“Captain Fantastic” and the Road to Nowhere

Just saw the film “Captain Fantastic” after reading some rave reviews. What follows are a few of my takes on it…
 
Starts off with the oldest son killing a deer with his bare hands & a knife. All the kids gather round & dad says, “Well done. My son’s become a man.” Then the kids get down to business – preparing the flesh of the deer for food, etc. Nothing ritualistic or spiritual about it. No feeling. It’s about Survival – or the skills you need for that. Nothing more.
 
That’s one of the main things I get from this film. It comes over as “rebellious” – as though it offers an alternative to the system (via home schooling, living off-grid), but the results are rather cold and empty; and, in the end, we are to see that it’s all just a roundabout way of preparing the kids to return to the system-as-it-is. They never get beyond it, and the film fails to offer an alternative way of dealing with the future or the way things are.
 
The story-line in brief: the lawyer daughter of a billionaire businessman, marries a highly-educated (Marxist-Chomsky-loving) academic & they both decide to raise their kids in nature (off-grid) and provide them with “revolutionary ideas.” The wife becomes psychotic, bi-polar and dad sends her off to a hospital to be treated (“she needed Serotonin, and I couldn’t give her that”). Eventually, she kills herself…
 
This “contradiction-of-extremes” theme repeats itself throughout the film. Example: Younger “rebel” son getting tired-of-it-all to oldest son: “Mom was psychotic… Dad made mom crazy. You think dad’s so perfect!”
 
Later: Dad out drinking a bottle of wine, oldest son goes into the “hippy” bus to get some acceptance letters from some of the most elite universities in the world. Shows them to dad. Dad checks them out & son says: “Harvard, Dartmouth, Princeton, Yale, Stanford, Brown, MIT…”
“Hmmm, ha ha, well done… you’ve deceived me well all this time…”
“Dad, it was mom. She helped me do this. I just want to go to college.”
“You speak 6 languages, you’re an expert in high math and theoretical physics – what are one of these colleges gonna teach you?!”
“I know nothing! I’m a freak. You made us freaks – and mom knew that – she understood! … Unless it comes out of a fucking book, I don’t know anything about anything.”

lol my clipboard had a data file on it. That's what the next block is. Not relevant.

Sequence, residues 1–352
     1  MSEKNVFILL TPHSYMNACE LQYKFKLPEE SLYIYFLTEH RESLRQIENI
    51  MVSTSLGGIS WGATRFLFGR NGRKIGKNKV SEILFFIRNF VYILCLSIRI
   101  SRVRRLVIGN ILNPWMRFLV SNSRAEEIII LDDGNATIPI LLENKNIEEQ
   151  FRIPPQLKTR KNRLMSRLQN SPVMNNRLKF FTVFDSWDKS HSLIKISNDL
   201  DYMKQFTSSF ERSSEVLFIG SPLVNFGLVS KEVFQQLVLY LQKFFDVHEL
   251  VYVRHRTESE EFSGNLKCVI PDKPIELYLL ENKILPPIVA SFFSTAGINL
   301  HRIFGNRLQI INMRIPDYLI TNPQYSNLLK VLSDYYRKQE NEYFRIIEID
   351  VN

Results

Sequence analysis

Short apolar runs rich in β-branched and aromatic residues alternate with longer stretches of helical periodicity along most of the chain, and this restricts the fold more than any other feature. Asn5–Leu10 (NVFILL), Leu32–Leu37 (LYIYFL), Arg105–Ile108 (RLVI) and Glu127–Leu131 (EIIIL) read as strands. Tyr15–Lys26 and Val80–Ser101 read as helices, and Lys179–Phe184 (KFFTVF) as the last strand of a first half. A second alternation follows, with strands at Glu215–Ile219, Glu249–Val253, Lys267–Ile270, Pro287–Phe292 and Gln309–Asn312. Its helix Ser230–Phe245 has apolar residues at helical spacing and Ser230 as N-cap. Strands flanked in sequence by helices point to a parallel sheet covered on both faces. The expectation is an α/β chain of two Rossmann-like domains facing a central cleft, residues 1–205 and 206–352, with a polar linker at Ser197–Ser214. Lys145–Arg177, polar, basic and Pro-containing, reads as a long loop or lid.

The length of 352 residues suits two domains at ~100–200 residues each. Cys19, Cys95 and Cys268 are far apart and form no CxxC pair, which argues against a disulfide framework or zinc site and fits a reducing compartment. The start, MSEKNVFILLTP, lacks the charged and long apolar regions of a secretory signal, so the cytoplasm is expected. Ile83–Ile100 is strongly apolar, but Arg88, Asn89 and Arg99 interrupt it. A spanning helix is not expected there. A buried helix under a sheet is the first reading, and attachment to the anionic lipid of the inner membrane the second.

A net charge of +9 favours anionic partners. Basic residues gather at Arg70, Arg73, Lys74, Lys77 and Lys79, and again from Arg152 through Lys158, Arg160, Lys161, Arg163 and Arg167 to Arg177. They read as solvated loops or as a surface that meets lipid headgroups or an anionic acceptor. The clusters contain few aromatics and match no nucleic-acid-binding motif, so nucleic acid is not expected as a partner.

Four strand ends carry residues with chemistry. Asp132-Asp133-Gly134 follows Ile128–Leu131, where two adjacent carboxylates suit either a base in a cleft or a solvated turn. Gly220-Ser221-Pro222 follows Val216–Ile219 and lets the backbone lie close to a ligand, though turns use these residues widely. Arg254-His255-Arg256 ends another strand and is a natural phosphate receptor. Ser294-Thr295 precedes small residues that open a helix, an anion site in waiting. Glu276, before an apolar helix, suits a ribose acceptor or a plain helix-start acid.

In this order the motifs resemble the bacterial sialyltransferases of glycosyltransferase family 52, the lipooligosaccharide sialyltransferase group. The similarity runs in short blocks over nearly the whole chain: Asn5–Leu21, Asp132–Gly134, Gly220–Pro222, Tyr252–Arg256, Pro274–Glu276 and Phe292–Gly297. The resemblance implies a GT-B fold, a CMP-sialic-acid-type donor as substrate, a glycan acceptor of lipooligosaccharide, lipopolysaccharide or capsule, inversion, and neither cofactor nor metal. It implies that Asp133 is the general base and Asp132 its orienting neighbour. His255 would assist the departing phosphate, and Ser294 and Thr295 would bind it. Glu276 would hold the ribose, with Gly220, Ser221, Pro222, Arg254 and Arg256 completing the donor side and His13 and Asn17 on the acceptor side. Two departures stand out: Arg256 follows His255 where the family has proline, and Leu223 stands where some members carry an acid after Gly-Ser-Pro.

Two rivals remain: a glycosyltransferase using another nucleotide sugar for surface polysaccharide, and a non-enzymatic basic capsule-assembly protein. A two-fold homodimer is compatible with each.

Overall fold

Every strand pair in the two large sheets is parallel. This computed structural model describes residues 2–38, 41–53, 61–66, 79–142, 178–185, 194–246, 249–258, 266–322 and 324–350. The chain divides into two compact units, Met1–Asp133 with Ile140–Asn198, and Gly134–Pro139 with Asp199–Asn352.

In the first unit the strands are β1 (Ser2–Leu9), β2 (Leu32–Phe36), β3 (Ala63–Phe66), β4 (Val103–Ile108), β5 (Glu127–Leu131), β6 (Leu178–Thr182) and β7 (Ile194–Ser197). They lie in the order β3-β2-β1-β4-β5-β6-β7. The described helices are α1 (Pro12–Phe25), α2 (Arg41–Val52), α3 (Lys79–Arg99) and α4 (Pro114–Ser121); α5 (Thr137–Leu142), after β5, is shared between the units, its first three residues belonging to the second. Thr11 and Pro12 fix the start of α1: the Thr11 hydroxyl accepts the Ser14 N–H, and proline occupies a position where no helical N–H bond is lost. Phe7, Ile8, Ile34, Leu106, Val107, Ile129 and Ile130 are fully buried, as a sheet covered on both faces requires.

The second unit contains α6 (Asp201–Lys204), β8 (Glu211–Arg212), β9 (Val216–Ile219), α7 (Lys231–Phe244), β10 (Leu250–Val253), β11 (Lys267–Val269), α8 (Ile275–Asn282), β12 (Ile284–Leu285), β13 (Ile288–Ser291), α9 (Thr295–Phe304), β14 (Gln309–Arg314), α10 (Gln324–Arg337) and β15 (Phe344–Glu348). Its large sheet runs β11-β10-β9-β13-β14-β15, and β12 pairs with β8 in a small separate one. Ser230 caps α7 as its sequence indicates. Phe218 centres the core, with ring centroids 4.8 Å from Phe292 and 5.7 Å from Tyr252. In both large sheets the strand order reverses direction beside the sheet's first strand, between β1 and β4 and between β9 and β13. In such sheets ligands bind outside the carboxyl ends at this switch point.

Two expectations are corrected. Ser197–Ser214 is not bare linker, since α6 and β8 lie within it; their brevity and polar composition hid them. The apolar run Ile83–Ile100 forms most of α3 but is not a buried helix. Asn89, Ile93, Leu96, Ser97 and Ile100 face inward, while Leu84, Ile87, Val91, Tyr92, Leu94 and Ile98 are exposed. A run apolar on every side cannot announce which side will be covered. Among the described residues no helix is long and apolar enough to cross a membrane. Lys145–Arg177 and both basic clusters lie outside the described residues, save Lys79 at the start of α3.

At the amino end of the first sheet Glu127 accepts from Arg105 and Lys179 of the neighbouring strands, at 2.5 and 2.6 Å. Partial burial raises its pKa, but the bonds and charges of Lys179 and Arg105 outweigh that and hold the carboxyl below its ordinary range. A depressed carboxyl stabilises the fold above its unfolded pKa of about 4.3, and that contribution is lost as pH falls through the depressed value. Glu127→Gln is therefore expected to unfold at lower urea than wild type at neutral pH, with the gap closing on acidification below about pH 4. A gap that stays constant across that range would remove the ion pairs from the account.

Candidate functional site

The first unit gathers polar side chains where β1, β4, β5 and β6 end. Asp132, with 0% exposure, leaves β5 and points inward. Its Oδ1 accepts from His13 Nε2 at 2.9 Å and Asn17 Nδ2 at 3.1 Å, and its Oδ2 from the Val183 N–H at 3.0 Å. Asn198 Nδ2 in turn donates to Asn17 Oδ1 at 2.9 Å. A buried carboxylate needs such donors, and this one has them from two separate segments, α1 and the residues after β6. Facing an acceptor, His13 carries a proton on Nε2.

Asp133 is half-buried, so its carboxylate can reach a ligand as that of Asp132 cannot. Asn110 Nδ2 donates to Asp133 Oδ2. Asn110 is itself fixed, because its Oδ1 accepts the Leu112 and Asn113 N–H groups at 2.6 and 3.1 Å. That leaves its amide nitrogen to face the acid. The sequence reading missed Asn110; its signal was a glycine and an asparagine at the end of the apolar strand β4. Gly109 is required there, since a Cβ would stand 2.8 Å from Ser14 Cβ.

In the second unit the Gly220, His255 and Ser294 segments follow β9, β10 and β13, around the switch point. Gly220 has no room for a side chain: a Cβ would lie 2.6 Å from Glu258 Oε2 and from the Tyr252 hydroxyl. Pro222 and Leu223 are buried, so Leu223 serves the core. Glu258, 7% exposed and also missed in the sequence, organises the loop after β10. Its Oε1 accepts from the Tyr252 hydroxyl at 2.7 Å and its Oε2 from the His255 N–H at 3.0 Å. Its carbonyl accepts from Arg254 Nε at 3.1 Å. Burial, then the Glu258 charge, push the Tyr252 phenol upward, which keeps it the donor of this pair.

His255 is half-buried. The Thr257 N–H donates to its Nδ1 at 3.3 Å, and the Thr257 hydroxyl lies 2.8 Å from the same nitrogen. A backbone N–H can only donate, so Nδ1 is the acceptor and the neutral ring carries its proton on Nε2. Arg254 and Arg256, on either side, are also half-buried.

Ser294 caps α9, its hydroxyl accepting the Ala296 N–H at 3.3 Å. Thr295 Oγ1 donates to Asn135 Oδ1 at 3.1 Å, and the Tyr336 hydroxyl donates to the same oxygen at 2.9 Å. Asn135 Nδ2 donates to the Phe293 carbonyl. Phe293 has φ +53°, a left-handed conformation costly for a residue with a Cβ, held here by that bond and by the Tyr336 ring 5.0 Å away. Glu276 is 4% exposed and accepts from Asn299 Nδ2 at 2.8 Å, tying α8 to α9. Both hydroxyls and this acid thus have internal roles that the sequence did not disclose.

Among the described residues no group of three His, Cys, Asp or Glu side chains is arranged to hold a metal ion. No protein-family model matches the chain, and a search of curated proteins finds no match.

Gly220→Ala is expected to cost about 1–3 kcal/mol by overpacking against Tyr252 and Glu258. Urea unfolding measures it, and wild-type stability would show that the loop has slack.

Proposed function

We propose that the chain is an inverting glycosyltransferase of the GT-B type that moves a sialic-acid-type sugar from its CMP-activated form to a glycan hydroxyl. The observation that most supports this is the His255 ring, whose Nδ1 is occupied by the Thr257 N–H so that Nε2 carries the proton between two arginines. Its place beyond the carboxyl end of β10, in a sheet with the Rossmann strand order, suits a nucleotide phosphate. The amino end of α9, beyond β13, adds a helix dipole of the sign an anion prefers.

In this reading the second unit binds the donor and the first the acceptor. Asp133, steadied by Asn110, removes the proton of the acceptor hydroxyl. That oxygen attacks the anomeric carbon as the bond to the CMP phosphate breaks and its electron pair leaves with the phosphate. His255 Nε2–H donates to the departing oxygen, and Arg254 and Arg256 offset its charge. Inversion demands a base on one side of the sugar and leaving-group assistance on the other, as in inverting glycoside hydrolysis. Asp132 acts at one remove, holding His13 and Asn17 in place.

Yes, mom understood. It’s just a different method, not a different result. Dad can give them an excellent “book” education and an alternative life-style: lead the kids on a “free-the-food” shoplifting mission, walk around in his billionaire father-in-law’s house with a Jesse Jackson ‘88 t-shirt; hang-out naked (except at the dinner table) & give condescending advice to a perplexed-looking older couple passing, “It’s just a penis. All men have them”; and give sex-ed to his youngest ones via picture books – “The Joy of Sex”; but he can’t give them anything deeper, spiritual, life-enhancing. The result is kind of like the emotionally-barren, ideal “polis” (city-state) illustrated by the paradox of the Philosopher-King in Plato’s “Republic.” This is what mom said she wanted. Maybe that’s why she killed herself?
 
We do get a few hints that dad’s “home-school book learning” is superior, at least in its logical acquisition, to traditional American schools. Dad’s 8-year-old can explain what the “Bill of Rights” theoretically stand for while his two high school age cousins have no idea. But he can’t explain why those “rights” are quickly being threatened while the Constitution withers away in synthetic “Wars” on Drugs and Terrorism. He mentions “freedom” in relation to those rights, but he never questions what freedom is, or means.
 
Finally, after seeing his daughter rendered nearly paralyzed after sending her to scale the roof of Grandpa Moneybags’ million-dollar house to “rescue” his son (who has claimed to not want to be with him, anyway), dad decides he’s had enough. Ok, Grandpa, you can have the kids. I give up. And he drives away in the hippy bus; shaves off his beard; cries (over the failed implementation of his wild dream). Then, what do you know, the kids who have been hiding in back of the bus, run up to cheer their broken father up. He’s learned his lesson well – no more “back-to-nature freak stuff” – the movie ends with dad continuing his home school lessons in a cute little house in Suburbia.
 
What disappoints me is the fact that the film could have been so much more: a search for knowledge and spiritual values from a Socratic perspective: “Unless it comes out of a fucking book, I don’t know anything about anything”; a return to having a respect and love for Nature; and an attempt at building ties between each other, family and community. But all we are left with are some “nice” Chomskyisms, a few token Marxist rah-rah’s and a “dead end.”

Leave a Reply

Your email address will not be published. Required fields are marked *